Personal income growth remained steady with a 0.3% increase, while wage income growth accelerated to 0.5%.

Consumer prices fell 0.5%, which is the biggest drop since November 2008 and the fourth-largest decline on record, according to Moody's.

Energy prices fell 10.4%, and food prices dropped 0.2%. Excluding energy and food, core prices climbed 0.1%.

"Despite their recent increases, consumers are spending less on gasoline and other energy goods than they were a year earlier, freeing cash for other purposes," Hoyt said. "This is a drag on nominal spending growth, however."

Pending-home sales highest since Aug. 2013

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WASHINGTON (3/2/15)--Pending-home sales recorded solid gains in January after December's step back, according to the National Association of Realtors (NAR).

On a seasonally adjusted annualized basis, the NAR pending-home sales index climbed 1.7% to 104.2 during the month, putting sales 8.4% ahead of last year's pace ( Feb. 27).

Pending-home sales are a leading indicator for the housing market, and precede changes in existing-home sales by one to two months, said Brent Campbell, Moody's analyst (

"Contract activity is convincingly up compared to a year ago despite comparable inventory levels," said Lawrence Yun, NAR chief economist. "The difference this year is the positive factors supporting stronger sales, such as slightly improving credit conditions, more jobs and slower price growth."

Gains were uneven by region, as pending sales climbed in the South and West by 3.2% and 2.2% respectively, while the snow-swept Northeast and Midwest recorded a 0.1% gain and a 0.7% retreat respectively.

On an annual basis, pending-home sales jumped 11.4% in the West, 9.7% in the South, 6.9% in the Northeast and 4.2% in the Midwest.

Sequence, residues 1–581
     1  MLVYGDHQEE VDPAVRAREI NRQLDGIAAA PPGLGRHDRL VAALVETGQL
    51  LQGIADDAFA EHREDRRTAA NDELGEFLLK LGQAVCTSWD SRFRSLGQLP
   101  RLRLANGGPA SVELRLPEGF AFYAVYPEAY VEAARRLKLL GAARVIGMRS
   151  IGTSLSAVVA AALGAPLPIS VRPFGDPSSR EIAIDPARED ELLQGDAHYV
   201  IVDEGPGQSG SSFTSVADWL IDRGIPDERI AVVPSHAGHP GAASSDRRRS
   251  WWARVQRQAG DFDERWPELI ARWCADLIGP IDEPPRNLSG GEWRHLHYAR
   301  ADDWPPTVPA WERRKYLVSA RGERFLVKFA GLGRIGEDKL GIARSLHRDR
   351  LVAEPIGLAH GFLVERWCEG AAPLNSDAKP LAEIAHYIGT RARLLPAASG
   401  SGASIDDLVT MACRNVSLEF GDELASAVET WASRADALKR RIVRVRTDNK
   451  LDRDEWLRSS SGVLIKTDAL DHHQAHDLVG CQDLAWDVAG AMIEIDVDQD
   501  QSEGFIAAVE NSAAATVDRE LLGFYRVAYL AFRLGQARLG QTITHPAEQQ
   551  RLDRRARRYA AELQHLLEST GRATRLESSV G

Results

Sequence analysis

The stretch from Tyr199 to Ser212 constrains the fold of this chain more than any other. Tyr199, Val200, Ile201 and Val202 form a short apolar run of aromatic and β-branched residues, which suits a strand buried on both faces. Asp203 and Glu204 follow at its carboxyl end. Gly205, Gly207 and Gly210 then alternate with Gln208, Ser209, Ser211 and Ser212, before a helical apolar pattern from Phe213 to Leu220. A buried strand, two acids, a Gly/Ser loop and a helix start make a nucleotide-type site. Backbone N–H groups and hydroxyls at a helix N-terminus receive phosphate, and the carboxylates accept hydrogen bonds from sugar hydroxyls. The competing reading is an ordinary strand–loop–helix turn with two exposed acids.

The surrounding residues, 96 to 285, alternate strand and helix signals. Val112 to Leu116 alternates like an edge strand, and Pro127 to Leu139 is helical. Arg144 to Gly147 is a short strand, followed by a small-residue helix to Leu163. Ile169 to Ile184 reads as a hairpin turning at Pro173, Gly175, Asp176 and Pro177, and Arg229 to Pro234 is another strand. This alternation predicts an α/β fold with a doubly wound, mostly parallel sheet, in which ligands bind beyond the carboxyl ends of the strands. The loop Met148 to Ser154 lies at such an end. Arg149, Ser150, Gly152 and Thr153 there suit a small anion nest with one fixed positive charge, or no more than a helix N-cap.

"All indications point to modest sales gains as we head into the spring buying season," Yun said. "However, the pace will greatly depend on how much upward pressure the impact of low inventory will have on home prices."

Annual inflation drops for 1st time since 2009

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WASHINGTON (2/27/15)--Largely fueled by the price of oil, the consumer price index (CPI) dropped 0.7% in January, the largest monthly step back since November 2008 ( Feb. 26).

On an annual basis, CPI fell 0.1%, the first year-over-year decline since October 2009.

"The good news is that the majority of the weakness is concentrated in energy-related goods and services, as the core index rebounded modestly in January," said Andrew Davis, Moody's analyst ( ). "This is comforting for policymakers, as concerns about disinflation bleeding into core prices were heightened after December's soft reading."

The energy index plunged by 9.7% in January, with gasoline prices--the main culprit--plummeting 18.7% from the prior month. Fuel also fell by 9.9%.

Food prices largely remained stable in January after a 0.2% rise in December. "Food at home" prices fell 0.2% with four of the six major grocery store food groups decreasing. "Food away from home" climbed 0.2% after a 0.3% increase the previous month.

Excluding food and energy, core prices climbed 0.2% in January, a slight increase in pace from December.

However, prices for new vehicles, used cars and trucks, and core commodities all fell, offsetting the gains in the core CPI.